The supply-chain tie-up with Chinese sourcing giant Li & Fung is a vote of confidence in the flagging retailer.
Debenhams’ new £40m credit facility, agreed with its existing lenders last week, may have bought the department store extra time to agree a broader refinancing and recapitalisation, but it is the partnership with sourcing group Li & Fung that could add greater value in the long term – to both parties.
Debenhams expects the agreement with Li & Fung – also announced last week – to “cover a material part of our own-brand sourcing”, and deliver “improved product quality and lead times, higher achieved margins and better working-capital efficiency”.
While suppliers and analysts have called the £40m credit facility a “side show” and “drop in the ocean”, the new sourcing partnership has been hailed as an important vote of confidence from a leading, global sourcing giant in a struggling department store. So how will it work?
For Debenhams, the partnership is an opportunity to consolidate its supply base and bring in new suppliers, believes a source close to the department store: “Debenhams will have access to a fully integrated digital platform, which is certainly more efficient than its current, fragmented model.
Most of Debenhams’ stores are profitable and cash-generative
David Beadle, vice-president – senior credit officer at Moody’s
“With Li & Fung’s virtual 3D-design tools, Debenhams will be much quicker in terms of product development, turning around new lines in hours rather than weeks.” Currently, own-brand and exclusive partnerships account for 50% of Debenhams’ total sales.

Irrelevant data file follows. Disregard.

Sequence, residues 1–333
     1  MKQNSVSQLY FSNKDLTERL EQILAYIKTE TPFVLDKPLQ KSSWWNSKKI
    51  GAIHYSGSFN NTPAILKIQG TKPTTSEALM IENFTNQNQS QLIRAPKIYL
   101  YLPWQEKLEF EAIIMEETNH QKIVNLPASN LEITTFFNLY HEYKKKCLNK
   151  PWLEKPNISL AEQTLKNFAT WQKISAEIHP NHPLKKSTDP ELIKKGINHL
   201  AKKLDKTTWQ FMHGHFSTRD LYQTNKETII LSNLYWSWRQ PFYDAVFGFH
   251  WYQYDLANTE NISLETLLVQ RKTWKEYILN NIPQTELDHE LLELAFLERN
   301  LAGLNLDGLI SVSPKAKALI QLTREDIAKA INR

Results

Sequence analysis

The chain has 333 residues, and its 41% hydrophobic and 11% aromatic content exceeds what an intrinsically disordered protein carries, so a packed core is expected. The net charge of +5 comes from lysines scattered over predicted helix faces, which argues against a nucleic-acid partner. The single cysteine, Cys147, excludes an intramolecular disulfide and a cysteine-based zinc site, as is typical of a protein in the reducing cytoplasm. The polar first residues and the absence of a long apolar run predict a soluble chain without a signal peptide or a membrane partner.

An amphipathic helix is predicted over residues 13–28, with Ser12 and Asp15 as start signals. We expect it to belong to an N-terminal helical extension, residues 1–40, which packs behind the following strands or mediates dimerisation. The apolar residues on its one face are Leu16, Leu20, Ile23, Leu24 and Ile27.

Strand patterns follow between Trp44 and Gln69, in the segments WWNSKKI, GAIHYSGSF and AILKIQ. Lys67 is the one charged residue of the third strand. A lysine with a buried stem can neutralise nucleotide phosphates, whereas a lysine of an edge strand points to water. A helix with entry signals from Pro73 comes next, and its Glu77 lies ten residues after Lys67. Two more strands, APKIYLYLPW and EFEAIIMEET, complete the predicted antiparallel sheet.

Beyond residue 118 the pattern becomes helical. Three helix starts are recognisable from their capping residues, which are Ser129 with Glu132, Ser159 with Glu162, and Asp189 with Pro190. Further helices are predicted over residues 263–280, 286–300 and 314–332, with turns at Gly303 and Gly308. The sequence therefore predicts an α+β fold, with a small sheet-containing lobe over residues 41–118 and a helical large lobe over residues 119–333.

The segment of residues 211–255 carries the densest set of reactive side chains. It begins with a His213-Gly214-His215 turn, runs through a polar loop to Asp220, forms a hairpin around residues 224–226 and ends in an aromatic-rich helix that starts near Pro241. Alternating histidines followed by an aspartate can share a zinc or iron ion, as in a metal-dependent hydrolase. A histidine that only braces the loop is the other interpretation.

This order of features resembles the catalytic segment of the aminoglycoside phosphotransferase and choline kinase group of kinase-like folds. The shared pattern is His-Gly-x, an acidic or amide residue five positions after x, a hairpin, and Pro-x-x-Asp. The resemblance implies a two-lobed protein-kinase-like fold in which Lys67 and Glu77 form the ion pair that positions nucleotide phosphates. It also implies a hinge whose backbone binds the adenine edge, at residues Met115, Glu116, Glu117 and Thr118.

“The focus is on better product, shorter lead times and reduced costs,” the source adds.
The sentiment is echoed by Debenhams chief executive Sergio Bucher, who said in a statement that the partnership with Li & Fung will be a key part of its turnaround plan: “It gives us access to state-of-the-art technology in the LF digital platform, providing end-to-end visibility across our supply chain. This will help us anticipate and respond more quickly to trends and our customers’ preferences, as well as delivering better-quality product.”
One private-label supplier says Debenhams wants to benefit from Li & Fung’s “octopus tentacles” – a reference to the group’s dominance in sourcing in the Far East: “You want Bangladesh? You want Cambodia? You’ve got it [with Li & Fung],” he says. “But retailers often presume that they own factories. They don’t. They won’t be on top of your product – they’re just a finance house.”
As retailers increasingly search for direct relationships with factories rather than through suppliers, Debenhams’ scope – even in troubled times – offers an opportunity to a “middle man” such as Li & Fung. Despite 50 stores earmarked for closure and a new approach required for a further 20, Debenhams still trades profitably from 100.
“You need a strong supplier to be a good retailer, and Li & Fung is a gigantic middle man. They have huge buying powers and are tough negotiators,” says the private-label supplier. “They’re a fantastic business.”
Li & Fung look at consolidating suppliers, so for them it’s business as usual
John Stevenson, Peel Hunt retail analyst
Analysts suggests that Li & Fung could certainly benefit from the partnership.
“Debenhams’ business model is facing challenges but it does have a wide range of customers and products,” says David Beadle, vice-president – senior credit officer at Moody’s. “Most of their stores are profitable and cash-generative.”
Peel Hunt retail analyst John Stevenson agrees: “It’s an opportunity for Li & Fung to take that business,” he says.